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Employers in Chicago frequently require their employees to sign a non-disclosure agreement (NDA) prior to being hired. This type of legally binding contract is used as a tool to protect trade secrets. It does so by preventing a previous worker from providing other organizations with access to confidential/proprietary information that may give them a competitive advantage. However, these contracts can be a burden on an individual’s ability to earn a living if the employer unreasonably restricts them from seeking new job opportunities.
Speak with one of our experienced Chicago non-disclosure agreement attorneys at Zoldan Law Group, PLLC, about the specifics of your situation. We can assist you in closely reviewing an NDA before you sign, to ensure that it is fair. Call (312) 980-9992 and receive a confidential initial consultation.
Nondisclosure agreements can cover a wide range of topics, depending on the type of business. However, there are some common issues that an employer will address and restrict a former employee from doing after they leave a company, such as:
A well-written NDA or confidentiality agreement will be very specific, or else it runs the risk of being invalidated by a judge. Agreements typically last less than two years, restrict unfair competition in a limited geographic region, and cannot place unreasonable limits on an employee’s ability to find work.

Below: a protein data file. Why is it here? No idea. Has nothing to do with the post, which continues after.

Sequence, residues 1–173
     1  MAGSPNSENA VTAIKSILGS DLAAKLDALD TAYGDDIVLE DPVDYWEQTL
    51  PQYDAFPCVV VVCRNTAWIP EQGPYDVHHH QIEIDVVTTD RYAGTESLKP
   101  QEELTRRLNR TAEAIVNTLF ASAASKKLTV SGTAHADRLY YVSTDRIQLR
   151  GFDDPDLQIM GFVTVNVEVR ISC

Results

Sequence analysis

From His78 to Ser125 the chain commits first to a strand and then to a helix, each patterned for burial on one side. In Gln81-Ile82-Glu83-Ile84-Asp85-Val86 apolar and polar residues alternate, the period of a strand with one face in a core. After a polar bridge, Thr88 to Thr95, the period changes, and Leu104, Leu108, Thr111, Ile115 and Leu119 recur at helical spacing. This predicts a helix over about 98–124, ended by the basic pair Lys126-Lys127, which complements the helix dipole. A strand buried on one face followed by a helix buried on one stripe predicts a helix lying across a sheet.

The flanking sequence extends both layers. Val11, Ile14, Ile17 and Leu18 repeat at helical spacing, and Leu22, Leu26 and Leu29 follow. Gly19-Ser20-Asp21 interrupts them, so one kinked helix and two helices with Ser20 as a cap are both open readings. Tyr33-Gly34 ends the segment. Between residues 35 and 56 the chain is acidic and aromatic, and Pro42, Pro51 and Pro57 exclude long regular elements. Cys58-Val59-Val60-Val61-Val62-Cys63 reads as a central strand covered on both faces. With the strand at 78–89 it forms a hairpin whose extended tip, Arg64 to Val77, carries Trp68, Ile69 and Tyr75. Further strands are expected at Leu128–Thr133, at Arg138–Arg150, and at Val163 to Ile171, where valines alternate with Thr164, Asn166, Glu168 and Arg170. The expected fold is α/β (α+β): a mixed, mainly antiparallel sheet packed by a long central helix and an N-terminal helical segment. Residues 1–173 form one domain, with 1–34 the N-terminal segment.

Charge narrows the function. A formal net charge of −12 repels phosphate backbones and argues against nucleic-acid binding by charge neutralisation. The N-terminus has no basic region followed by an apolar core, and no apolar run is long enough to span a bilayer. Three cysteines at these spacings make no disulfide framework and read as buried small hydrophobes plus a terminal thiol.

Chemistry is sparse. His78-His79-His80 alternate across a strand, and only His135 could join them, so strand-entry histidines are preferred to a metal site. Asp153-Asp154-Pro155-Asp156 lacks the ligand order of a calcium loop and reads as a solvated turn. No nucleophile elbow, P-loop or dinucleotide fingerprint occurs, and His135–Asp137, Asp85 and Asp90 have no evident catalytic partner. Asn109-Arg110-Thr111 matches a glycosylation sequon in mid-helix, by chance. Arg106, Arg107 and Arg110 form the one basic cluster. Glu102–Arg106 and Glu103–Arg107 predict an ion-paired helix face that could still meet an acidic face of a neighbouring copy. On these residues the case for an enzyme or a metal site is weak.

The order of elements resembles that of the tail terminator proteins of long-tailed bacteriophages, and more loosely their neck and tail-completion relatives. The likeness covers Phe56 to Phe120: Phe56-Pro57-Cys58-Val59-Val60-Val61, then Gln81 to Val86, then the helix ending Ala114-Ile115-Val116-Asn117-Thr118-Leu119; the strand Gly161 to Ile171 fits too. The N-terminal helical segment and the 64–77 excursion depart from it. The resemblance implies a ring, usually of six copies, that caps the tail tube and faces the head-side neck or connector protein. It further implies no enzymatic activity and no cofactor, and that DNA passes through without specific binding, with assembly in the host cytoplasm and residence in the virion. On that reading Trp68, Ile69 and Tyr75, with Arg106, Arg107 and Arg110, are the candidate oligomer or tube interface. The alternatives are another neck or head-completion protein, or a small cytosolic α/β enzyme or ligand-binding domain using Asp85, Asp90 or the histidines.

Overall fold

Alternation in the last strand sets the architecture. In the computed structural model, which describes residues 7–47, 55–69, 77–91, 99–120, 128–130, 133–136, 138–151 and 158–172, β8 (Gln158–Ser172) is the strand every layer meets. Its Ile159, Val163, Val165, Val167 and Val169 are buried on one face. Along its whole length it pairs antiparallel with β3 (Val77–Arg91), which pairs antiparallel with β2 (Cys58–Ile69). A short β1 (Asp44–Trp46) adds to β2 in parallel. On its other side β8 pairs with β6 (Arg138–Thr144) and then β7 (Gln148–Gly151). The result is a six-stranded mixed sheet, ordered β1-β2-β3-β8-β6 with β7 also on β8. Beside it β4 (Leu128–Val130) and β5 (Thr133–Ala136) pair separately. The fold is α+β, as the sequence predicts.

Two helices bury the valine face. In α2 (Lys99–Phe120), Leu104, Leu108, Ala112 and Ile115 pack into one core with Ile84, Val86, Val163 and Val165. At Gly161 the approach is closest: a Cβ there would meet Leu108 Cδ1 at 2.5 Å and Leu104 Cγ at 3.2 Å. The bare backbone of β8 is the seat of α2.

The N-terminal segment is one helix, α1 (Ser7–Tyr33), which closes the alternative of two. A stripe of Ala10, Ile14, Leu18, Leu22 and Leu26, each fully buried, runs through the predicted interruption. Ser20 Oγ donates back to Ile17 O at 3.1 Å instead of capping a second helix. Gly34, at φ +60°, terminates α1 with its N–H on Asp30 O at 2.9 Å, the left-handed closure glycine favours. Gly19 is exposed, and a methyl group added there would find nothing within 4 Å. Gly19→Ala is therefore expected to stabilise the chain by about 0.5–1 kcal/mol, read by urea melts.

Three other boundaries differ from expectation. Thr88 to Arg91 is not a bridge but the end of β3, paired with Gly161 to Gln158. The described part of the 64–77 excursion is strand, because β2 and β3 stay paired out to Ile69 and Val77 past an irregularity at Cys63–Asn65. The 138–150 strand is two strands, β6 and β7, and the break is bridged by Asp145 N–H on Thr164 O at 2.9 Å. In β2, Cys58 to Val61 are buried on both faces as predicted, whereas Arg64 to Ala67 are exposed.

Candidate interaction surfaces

There are typically three points during employment when you may be asked to sign an NDA:
You may be asked when you are hired to sign an NDA or confidentiality agreement, to keep the company’s trade secrets or business strategies confidential. An NDA may also limit who you can work for next.
Employers are typically not under any legal obligation to make a severance payment. However, you may be asked to sign an NDA when terminated, in exchange for one. This strategy is designed to prevent you from disclosing the terms of the severance, and possibly that you received one at all. A severance agreement may also limit the conditions under which you can file a lawsuit against the company.
An NDA is often used as a means to keep the terms of a settlement agreement confidential.
If you signed an NDA with your employer, there are options for avoiding the harsh consequences that can occur if you are considering or have been accused of violating the contract. An attorney may be able to help you prove one or all of the following, for example:
If you are accused of being in violation of an NDA, the burden of proof will fall on the employer, and it is high. Retaining a knowledgeable lawyer to represent your interests can help you resolve any disputes as quickly as possible, so you may move on to new employment.
If you or someone you know needs legal advice on a NDA agreement, was wrongfully terminated, is experiencing sexual harassment in a Chicago workplace, race discrimination, or defamation, contact our law firm today. Discuss your individual case with an employment lawyer today in a confidential consultation, by calling (312) 980-9992 or filling out a contact form online.